As with other parts of Michigan, the history of the eastern U.P. was defined by its Native American cultures, the 19th-century logging industry, and the Great Lakes’ use as a major shipping route. Names like Chippewa County, old logging towns like Blaney Park, and the presence of numerous lighthouses and shipwrecks along the Lake Michigan and Lake Superior shorelines are evidence of this diverse past.
Of course, the two main towns in the eastern U.P. have their own interesting histories. St. Ignace was founded by Father Marquette in 1671 and named for St. Ignatius of Loyola. Once the bustling hub of the 17th-century French fur trade, St. Ignace witnessed even more growth in the 1800s, as the logging and fishing industries prospered. Of course, the lumber industry came to an abrupt halt in the early 20th century, when the U.P.’s forests were nearly depleted of their timber. Although railroad ferries made it easier for travelers to cross the Straits of Mackinac from lower Michigan, it was the opening of the Mackinac Bridge in 1957 that improved the town’s fortunes, facilitating the flow of tourists.
Even older is Sault Ste. Marie, which was first settled by the Ojibwa Indians in the 1500s. After discovering a rich supply of whitefish in the turbulent waters, they established a permanent settlement along the shore. The Ojibwa lived here for more than 300 years, but the combination of warring Iroquois—forced west by European immigrants—and the ever-growing European settlement of Sault Ste. Marie (founded in 1668) eventually drove the Ojibwa from the region.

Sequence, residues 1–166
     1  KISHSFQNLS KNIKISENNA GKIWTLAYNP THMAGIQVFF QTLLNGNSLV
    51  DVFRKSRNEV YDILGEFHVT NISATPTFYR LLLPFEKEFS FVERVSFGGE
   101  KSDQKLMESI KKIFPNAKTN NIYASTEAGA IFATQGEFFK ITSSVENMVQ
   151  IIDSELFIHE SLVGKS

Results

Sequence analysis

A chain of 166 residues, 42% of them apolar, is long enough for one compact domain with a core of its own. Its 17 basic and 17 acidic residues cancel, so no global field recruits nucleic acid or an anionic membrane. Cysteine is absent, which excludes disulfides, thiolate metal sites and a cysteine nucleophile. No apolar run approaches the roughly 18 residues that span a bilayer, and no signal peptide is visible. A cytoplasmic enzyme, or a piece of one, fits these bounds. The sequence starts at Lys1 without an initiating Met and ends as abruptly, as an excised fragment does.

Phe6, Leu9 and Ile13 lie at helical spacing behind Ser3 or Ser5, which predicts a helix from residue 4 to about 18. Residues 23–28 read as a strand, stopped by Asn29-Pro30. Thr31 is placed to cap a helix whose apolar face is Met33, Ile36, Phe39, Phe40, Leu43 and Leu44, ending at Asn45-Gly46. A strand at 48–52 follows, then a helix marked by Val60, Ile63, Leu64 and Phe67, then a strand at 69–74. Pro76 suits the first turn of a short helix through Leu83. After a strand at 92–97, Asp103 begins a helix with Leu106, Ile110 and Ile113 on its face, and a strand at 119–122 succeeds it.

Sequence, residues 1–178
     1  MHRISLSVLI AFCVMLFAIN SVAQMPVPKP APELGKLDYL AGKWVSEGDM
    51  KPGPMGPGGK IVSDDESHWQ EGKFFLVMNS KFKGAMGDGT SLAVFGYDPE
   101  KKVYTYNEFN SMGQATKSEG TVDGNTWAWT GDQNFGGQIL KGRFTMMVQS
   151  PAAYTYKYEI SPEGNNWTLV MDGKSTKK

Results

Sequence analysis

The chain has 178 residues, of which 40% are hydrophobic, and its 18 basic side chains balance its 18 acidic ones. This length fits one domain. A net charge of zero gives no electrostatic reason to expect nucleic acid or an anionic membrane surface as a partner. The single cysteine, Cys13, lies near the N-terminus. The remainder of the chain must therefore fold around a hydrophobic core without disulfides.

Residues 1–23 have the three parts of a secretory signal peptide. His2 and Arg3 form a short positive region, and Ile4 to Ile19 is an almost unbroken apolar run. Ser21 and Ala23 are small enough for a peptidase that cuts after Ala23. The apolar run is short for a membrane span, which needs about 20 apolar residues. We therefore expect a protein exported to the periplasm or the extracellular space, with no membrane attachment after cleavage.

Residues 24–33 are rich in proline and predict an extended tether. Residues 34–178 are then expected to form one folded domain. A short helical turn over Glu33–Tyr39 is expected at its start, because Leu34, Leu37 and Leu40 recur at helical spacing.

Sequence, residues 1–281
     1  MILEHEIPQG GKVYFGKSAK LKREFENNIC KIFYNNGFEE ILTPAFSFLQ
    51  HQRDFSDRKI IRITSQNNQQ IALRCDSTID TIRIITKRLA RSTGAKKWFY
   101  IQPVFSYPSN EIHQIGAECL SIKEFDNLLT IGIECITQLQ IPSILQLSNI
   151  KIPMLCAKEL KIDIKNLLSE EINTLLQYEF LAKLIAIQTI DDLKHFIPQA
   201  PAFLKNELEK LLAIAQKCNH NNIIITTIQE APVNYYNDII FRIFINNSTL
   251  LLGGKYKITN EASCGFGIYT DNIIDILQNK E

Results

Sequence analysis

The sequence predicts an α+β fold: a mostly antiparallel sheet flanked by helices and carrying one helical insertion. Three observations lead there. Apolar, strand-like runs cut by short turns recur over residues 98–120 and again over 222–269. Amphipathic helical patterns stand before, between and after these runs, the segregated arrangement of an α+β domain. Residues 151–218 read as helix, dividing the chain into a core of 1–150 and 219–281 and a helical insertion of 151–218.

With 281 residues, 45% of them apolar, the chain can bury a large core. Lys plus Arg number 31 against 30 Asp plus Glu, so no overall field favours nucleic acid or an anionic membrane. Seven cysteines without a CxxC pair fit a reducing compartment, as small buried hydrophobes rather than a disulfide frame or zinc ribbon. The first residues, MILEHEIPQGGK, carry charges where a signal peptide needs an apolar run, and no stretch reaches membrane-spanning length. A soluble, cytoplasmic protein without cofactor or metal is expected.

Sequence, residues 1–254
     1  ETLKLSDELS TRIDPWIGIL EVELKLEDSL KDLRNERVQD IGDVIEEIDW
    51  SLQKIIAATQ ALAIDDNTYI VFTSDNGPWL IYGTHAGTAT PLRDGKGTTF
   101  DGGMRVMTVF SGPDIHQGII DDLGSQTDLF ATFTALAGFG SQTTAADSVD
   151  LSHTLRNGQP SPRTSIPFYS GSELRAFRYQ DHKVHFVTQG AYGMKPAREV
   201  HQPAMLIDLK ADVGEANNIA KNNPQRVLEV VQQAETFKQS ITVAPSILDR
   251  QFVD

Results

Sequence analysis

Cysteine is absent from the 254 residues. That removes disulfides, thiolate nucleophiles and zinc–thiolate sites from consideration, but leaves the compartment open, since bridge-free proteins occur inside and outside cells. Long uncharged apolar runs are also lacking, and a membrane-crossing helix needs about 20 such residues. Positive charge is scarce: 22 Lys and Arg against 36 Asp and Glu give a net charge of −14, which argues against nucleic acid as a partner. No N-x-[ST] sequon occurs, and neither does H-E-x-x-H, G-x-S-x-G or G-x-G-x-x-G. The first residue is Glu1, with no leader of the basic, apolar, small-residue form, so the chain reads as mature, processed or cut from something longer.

By the early 1800s, Michigan’s northern reaches were increasingly being settled, and people were discovering the bounty of natural resources—copper, iron, lumber, grain—ringing the shores of Lake Superior. The only problem was those rapids. For decades, ship cargo had to be unloaded by hand, portaged around the rapids by horses and mules pulling carts, then reloaded onto another boat. In 1839, the American Fur Company built a short railroad line, which eased the job, but it remained backbreaking and exceedingly slow. While shipping was booming on the lower Great Lakes, Superior remained largely isolated, its cargo backed up by the rapids.
Eastern industrialists began lobbying for government-funded locks. Locals, however, opposed such a project, fearing the loss of their portaging business. The town managed to stave off the inevitable until 1852, when President Millard Fillmore signed a bill authorizing the first lock at Sault Ste. Marie. In 1855, the State Lock opened, a system of two 350-feet-long locks. In the first year, nearly 12,000 tons of iron ore passed through the locks; within a decade, that figure grew to more than 120,000 tons. By World War I, the nation’s hunger for iron and copper, coupled with the opening of vast iron mines in Minnesota’s Mesabi Range, made the Soo Locks the busiest shipping canal in the world.
Soon after the completion of the State Lock, the burgeoning commercial traffic indicated that more locks were needed. The 515-foot Weitzel Lock opened in 1881. Since then, a succession of locks have been built, both to handle the traffic and the increasing size of Great Lakes–area ships. Today, three U.S. locks are in operation (there’s a fourth smaller lock on the Canadian side), including the 1,200-foot Poe Lock built in 1968 to accommodate the huge vessels now common on the Great Lakes.
Today, Sault Ste. Marie is inseparable from the locks that shaped its past. Although Lake Superior State University and the Ojibwa-owned Kewadin Casino are two of the area’s largest employers, tourism remains a staple of the economy—with many of those visitors coming specifically to see the parade of commerce that incessantly passes through town.
by Laura Martone from Moon Michigan, 3rd Edition, © Avalon Travel